This is also true with the type of snow you will be running on.
Snowshoe racecourse and trails are generally broken or prepared so you don't need big crampons to dig into the ice, or a wide decking to stay afloat.
Your best bet would be to choose snowshoes with bindings that fit comfortably and are easy to use. To get the best fit, you should try on a few pairs of running snowshoes before buying them.
If you are only starting out, there are recreation parks and sporting goods shops that offer snowshoes for rent. However, most stores and parks only provide one type or so of running snowshoes.
Types of Running Snowshoes
A good tip on picking the best running snowshoes: choose a running-specific small pair that is comfortable and allows you to run with a natural stride anywhere in the snow.
Snowshoes designed for mountaineering, backcountry ski or hiking may have a wider surface area for floatation, but these are not ideal when it comes to using them as running snowshoes. Who would want heavy shoes while running in the snow?
On the other hand, running-specific snowshoes are exclusively designed to attain natural stride and for speed, because of their lightness and are small in size.
Running snowshoes are also referred to as fitness or aerobic/fitness. These shoes help you to run with a natural stride and are not ideal for backcountry and deep powder.
Running Frames & Decking
Snowshoes for running are mainly focused on racing and fitness on packed and semi-packed trails. They are made for briskness and speed and built with a smaller frame and deck to help maintain a running stride.
The decking either have:
- A one-piece molded composite deck which does not need rails, or
- An aluminum frame with a plastic-coated fabric deck attached to the rails.
Composite snowshoes will often have braking bars shaped into the snowshoe’s body.
Some composite shoe models also have teeth-like grips that can be especially useful in side-hilling. These models are also affordable.
Snowshoes with aluminum frames are often much lighter weight than composite snowshoes and are found to be quite a bit more durable.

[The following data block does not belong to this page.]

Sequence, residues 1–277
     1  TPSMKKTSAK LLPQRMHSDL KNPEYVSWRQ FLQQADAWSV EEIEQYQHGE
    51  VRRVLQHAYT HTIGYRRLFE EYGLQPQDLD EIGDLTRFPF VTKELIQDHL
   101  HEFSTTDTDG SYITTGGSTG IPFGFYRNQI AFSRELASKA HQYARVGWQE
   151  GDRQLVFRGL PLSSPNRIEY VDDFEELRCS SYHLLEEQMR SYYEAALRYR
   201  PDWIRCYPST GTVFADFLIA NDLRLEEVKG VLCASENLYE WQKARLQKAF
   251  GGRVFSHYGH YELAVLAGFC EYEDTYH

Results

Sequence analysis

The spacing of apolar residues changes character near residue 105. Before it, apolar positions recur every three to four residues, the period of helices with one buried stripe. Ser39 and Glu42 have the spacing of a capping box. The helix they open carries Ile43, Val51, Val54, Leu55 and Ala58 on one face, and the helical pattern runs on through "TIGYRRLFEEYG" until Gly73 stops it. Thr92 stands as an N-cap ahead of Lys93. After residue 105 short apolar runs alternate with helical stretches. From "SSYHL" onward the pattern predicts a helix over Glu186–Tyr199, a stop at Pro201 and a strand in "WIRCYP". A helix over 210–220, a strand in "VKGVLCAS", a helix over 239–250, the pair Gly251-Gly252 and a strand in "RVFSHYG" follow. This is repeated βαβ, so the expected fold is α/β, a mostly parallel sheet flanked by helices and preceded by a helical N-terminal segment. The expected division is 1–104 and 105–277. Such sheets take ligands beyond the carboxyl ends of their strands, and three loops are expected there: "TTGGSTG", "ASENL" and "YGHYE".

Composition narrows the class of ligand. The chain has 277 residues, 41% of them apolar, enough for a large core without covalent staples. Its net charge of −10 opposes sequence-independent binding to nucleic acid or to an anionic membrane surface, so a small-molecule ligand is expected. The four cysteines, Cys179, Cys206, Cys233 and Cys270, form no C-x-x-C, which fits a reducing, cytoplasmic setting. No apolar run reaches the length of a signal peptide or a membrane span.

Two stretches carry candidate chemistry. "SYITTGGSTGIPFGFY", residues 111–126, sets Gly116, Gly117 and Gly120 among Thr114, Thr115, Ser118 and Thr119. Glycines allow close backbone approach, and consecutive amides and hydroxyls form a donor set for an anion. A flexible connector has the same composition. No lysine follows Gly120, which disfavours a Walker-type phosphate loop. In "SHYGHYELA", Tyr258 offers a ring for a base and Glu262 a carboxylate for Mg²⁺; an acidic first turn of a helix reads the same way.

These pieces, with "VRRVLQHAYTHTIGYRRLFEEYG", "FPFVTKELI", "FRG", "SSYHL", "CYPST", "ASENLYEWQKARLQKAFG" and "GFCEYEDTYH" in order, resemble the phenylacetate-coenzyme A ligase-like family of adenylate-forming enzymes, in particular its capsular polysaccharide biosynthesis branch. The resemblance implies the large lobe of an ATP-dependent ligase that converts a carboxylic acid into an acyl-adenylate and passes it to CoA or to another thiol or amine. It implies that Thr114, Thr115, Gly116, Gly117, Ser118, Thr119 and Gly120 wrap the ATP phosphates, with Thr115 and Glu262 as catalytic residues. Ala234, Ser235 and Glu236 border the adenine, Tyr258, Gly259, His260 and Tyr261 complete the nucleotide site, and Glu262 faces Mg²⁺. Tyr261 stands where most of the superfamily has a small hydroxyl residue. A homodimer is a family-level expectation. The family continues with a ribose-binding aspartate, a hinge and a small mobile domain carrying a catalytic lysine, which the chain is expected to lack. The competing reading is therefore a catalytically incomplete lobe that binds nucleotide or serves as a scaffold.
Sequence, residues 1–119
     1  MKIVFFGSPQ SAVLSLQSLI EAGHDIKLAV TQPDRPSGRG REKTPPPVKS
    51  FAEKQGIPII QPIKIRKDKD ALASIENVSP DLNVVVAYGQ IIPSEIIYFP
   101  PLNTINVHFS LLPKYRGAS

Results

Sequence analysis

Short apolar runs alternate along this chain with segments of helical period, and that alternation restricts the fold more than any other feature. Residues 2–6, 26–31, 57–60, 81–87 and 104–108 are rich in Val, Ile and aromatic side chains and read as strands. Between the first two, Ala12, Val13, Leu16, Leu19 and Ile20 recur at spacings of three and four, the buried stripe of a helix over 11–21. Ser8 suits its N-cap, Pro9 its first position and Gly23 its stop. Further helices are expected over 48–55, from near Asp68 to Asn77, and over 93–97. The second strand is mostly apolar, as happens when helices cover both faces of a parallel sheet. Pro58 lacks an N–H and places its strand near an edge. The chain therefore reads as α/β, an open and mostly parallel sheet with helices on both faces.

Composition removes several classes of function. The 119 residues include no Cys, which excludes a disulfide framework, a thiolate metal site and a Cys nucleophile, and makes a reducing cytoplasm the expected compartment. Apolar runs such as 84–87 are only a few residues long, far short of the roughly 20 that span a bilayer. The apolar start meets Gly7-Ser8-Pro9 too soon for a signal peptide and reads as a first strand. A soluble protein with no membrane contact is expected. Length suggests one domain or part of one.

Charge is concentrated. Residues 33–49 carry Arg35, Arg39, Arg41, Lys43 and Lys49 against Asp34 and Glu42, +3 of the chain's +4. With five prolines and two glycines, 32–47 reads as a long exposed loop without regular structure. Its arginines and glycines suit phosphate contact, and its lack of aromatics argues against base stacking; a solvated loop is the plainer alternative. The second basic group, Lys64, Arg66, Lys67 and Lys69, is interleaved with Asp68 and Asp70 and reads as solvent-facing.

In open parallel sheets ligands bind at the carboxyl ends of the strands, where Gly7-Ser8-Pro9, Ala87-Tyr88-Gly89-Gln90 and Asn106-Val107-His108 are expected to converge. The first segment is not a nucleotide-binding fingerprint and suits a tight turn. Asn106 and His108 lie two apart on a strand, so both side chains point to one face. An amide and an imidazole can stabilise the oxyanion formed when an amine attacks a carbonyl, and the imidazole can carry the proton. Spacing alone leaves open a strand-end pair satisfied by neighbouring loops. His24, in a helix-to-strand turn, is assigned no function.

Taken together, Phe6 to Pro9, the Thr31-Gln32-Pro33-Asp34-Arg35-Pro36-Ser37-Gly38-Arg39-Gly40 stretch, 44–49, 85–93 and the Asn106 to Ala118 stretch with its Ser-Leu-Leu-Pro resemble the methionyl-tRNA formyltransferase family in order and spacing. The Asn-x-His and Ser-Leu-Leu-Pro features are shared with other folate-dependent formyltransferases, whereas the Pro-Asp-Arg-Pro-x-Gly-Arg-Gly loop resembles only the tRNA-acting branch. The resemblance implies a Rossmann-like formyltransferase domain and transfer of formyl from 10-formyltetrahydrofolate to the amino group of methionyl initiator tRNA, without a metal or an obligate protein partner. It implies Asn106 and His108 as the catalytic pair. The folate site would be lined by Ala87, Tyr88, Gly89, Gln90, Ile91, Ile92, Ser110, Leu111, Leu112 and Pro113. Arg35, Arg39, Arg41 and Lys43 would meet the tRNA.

Bindings for Running Shoes
You can adjust the lacing by loosening or tightening the closure for a custom-feeling fit that makes running comfortable at all times. Also, the binding should fit nicely, and use components that are cold-resistant.
The best bindings for marathon and long distance runners are Direct Mount Bindings. Direct mount bindings attached directly to one shoe with screws and washers to that the snowshoe is 100% attached and flows in stride with each step.
Be sure the binding you select will perfectly work with your style of running, and most importantly, the shoes won’t have a tendency to come off at the most inopportune moment.
This is especially common to some running snowshoe models as a result of using materials to save weight. Not to mention that it may cost you some time if your lightweight snowshoes fall off your feet in deep powder.
Important Things To Remember When Snowshoeing
Wear clothing that will wick away moisture such as polyester or lycra blends. Cotton is a no-no in cold weather as it gets wet and will hold moisture against your skin. Dress in layers so that you can remove clothing, as you get warmer.
If you are running, a stable trail running shoe or a lightweight day hiking shoe works best.
Many people use ski poles in the same way that a hiker does- to increase energy output due to additional upper body muscle use provides stability, and to decrease stress on knees, ankles, and feet.
Use leg 'gators' to keep snow out of your boots and keep your feet dry. Make sure you bring your water bottle and some extra food for energy along the way. Other items include first aid kit, sunglasses, map, camera, matches, flashlight, compass/g.p.s, and a cell phone.
Snowshoeing is making a comeback in the recreation world, and snowshoe technology has made leaps and bounds over the past decade.
With new, lightweight materials, today's snowshoes will probably feel a lot different to you then they did when you first tried them during family outings as a child.
Today's snowshoes are shorter and narrower than the wide-bodied, wood-framed snowshoes of old. They feature a lightweight aluminum frame and a special decking.
With the easy-to-use flexible binding, and crampons on the bottom to prevent slipping, snowshoeing today can be a walk in the park.
Northern Lites leads the way in racing snowshoes with the lightest snowshoes available on the market. Check out our award winning Race Waves which competitive racers like Joseph Gray wear when they run.
Need more flotation in your racing snowshoes? Checkout our Race Elites.